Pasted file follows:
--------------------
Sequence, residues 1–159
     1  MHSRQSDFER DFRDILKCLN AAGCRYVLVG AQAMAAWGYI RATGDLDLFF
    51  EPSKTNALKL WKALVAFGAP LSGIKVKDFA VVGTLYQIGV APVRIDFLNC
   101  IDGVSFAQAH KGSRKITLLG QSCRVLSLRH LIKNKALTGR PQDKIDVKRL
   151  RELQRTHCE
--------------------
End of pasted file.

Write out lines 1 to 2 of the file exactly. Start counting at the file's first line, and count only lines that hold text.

Sequence, residues 1–159
     1  MHSRQSDFER DFRDILKCLN AAGCRYVLVG AQAMAAWGYI RATGDLDLFF